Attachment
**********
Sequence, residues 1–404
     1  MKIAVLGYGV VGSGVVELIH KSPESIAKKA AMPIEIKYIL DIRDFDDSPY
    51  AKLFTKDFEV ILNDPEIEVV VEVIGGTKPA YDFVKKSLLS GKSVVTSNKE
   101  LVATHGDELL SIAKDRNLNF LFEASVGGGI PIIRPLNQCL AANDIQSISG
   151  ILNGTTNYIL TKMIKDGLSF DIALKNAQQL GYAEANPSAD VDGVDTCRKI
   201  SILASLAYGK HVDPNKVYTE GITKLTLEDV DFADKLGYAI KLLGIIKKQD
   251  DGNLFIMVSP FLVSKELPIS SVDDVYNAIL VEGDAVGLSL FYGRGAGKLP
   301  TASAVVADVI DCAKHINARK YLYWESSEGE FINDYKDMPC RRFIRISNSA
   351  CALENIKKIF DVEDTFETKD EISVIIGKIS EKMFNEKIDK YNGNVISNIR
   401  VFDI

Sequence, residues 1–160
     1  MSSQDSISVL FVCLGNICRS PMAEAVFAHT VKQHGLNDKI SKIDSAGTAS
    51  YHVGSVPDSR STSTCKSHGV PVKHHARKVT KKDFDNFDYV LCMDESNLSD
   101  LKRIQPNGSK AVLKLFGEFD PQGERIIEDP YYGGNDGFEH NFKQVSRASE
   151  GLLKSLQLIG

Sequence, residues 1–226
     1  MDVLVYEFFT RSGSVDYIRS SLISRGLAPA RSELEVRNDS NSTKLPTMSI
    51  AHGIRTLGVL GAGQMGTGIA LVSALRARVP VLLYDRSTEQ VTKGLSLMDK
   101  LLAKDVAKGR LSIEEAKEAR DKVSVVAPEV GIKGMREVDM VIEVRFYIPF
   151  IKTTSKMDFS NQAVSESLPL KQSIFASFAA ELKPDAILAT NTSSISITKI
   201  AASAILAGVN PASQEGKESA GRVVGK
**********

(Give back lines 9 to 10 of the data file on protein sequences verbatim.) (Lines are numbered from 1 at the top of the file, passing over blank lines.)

   351  CALENIKKIF DVEDTFETKD EISVIIGKIS EKMFNEKIDK YNGNVISNIR
   401  VFDI